Triple Stroke Roll
Learn How To Play The Triple Stroke Roll Drum Rudiment!
In this next free drum lesson, Lionel Duperron teaches you how to play the triple stroke roll, and how to apply it to your drumming through a couple of drum beats and drum fills. The triple stroke roll works much like the single stroke roll and the double stroke roll in that you’ll play a certain amount of strokes per hand.
With the single stroke roll you have one stroke per hand, with the double stroke roll two per hand, and as you can see on the sheet music below, with the triple stroke roll you play three alternating strokes. It’s very important for you to have a very solid knowledge of the single stroke and the double stroke roll drum rudiments before moving on to the triple stroke roll. They will help you master this one a lot quicker.
You can use full wrist turns to play each stroke of the triple stroke roll as you work on it at slower speeds. Focus on playing consistent sounding triple strokes per hand. You can check your stroke evenness by watching your stick heights. Uniform distances from the drumhead to the drumstick for each stroke will hail even sounding triple strokes. The triple stroke roll is mostly played as 8th note triplets or as 16th note triplets, but you can play it with other note values as well. This rudiment is very useful for playing jazz and funk ride and hi-hat patterns.
As you start speeding up the triple stroke roll, you’ll naturally start bouncing the second and third strokes off of the snare drum or practice pad. On toms this will not work as well. Tom-toms have very little bounce to them, and as such, your second and third strokes will sound muddy.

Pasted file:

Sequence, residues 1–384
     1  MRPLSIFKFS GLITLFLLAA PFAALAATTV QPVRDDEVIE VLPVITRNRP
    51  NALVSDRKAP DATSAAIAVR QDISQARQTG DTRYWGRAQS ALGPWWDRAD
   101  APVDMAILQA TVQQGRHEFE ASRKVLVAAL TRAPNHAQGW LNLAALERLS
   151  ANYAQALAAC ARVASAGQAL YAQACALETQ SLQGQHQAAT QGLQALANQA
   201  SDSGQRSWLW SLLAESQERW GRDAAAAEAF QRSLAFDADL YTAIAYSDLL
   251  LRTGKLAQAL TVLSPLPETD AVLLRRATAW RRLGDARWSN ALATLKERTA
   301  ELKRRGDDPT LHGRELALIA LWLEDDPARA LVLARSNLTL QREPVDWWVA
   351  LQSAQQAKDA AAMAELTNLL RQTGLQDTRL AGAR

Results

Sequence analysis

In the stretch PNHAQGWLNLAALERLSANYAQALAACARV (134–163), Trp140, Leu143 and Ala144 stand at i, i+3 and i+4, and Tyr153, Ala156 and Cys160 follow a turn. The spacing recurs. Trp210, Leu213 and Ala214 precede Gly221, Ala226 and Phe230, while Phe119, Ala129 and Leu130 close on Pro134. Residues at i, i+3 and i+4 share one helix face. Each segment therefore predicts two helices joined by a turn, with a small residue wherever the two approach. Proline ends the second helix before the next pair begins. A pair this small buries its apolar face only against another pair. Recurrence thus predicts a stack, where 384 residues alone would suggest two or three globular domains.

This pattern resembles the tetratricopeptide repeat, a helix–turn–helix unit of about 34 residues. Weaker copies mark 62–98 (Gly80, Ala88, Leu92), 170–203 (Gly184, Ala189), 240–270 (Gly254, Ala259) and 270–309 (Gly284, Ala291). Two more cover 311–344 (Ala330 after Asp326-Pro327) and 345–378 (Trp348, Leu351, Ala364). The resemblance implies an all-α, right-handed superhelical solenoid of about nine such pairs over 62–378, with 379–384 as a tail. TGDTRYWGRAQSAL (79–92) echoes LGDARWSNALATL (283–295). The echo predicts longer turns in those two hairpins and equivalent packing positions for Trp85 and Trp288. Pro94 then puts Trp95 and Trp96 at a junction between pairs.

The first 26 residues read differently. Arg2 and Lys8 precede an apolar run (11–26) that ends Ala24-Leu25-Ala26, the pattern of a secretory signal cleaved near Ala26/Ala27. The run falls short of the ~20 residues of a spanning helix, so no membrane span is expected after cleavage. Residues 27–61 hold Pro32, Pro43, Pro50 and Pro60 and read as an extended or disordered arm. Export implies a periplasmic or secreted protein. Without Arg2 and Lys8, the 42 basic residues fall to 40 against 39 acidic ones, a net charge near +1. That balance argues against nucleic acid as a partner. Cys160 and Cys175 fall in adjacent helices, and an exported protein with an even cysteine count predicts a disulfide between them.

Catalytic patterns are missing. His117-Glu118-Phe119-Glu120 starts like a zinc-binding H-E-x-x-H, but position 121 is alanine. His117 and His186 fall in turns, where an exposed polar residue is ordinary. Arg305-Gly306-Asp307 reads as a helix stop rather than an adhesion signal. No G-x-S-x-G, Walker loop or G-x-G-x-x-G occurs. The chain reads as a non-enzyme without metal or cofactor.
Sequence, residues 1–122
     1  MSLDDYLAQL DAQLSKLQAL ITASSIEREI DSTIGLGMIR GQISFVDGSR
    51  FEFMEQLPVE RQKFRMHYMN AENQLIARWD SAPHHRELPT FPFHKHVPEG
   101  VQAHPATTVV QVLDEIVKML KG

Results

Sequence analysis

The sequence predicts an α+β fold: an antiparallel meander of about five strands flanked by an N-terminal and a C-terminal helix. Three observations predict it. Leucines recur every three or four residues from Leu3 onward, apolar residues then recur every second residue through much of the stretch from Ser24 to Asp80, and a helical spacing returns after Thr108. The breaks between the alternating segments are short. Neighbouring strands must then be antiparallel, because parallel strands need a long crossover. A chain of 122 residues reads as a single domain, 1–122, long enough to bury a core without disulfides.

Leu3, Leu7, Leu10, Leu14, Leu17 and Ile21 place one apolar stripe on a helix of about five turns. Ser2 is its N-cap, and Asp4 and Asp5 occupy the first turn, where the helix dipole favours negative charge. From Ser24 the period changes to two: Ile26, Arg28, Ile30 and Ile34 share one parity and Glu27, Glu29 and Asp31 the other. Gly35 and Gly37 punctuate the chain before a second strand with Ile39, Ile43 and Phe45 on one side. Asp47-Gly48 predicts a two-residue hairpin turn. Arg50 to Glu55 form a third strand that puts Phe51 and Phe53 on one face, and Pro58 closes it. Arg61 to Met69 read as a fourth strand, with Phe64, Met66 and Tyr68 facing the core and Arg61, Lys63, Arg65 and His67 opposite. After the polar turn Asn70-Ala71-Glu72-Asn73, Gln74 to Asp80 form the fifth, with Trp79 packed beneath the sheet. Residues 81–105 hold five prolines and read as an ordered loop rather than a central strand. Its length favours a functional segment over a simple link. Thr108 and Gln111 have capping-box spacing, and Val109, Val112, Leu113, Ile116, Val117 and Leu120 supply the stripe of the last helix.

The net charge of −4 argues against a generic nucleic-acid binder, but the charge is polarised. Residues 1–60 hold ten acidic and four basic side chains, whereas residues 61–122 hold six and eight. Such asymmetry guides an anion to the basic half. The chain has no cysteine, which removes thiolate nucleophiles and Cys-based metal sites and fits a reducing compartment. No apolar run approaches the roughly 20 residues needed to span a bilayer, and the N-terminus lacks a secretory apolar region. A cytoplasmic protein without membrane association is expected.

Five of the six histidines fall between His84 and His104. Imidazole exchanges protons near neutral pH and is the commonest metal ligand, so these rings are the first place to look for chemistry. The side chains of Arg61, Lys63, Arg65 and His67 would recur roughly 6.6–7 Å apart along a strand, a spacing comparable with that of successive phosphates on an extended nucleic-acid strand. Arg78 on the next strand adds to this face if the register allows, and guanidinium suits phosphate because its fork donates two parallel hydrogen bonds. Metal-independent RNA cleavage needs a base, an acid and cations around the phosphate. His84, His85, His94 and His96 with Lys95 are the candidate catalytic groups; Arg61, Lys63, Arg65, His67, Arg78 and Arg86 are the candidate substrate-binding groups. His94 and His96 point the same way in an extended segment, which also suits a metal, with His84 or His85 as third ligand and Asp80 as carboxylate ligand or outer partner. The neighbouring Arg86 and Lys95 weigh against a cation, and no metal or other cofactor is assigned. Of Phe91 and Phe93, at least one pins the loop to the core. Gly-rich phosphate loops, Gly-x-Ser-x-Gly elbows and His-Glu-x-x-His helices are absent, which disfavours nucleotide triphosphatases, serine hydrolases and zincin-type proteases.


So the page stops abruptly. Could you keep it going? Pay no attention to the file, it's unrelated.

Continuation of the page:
To work around this issue you can play your second and third strokes using finger technique, after performing the first stroke with the wrist. When you feel you’re pretty competent in playing a triple stroke roll on a single surface, move on to the drum beats and drum fills on this free drum lesson.
In this first exercise the triple stroke rolls is played as 16th note triplets. This is a faster note value than 16th notes, so start real slowly at first. Play the first three strokes of the triple stroke roll on the ride cymbal bow followed by three strokes on the closed hi-hat on counts 1 and 3. Add the snare drum on counts 2 and 4, the bass drum on counts 1 and 3 and on the “and” of 2, and you’re good to go.
With exercise #2 the triple stroke roll is played as 8th note triplets. This makes it look like an easier drum beat to play than the previous one. However, playing the first three strokes consistently on the floor tom makes this a more challenging drum beat to get up to speed, due to the lack of rebound you get from a floor tom.
Practicing finger technique and strengthening your wrists (forearm muscles) with surfaces with little to no bounce are a tremendous workout for getting your hands to play this drum beat at higher speeds and with a greater level of facility.
The next drum fill in this 40 drum rudiments free video lesson is played as 8th note triplets. Transitioning between the mid-tom and the hi-tom on count 3 can be somewhat of a challenge. You’ll have to move the left hand out of the way fast enough to let your right hand hit count 3 on the hi-tom. If you don’t, you may end up clicking your sticks or worst, your own hand.
To work around this issue practice the drum fill slowly at first. Begin increasing the speed on your metronome as you get comfortable making a clean transition between the two drums.
The last exercise on this 40 drum rudiments free video lesson is a very cool one to isolate your right hand. It will make you work on getting used to changing your technique as you go from the snare drum to the floor tom. This change in technique is due to the difference in rebound between both drums. Playing left hand lead here is a great idea to check how your weaker hand behaves under the same conditions as your stronger one.
If you haven’t already, after you’re done with this lesson you can move on to learn how to play the multiple bounce roll. If you’d like to keep on learning how to play double stroke roll based drum rudiments, then the five stroke roll is the next best thing for you. If you’re not interested in none of the above then move on to learn how to play the single paradiddle, the flam or the drag drum rudiments.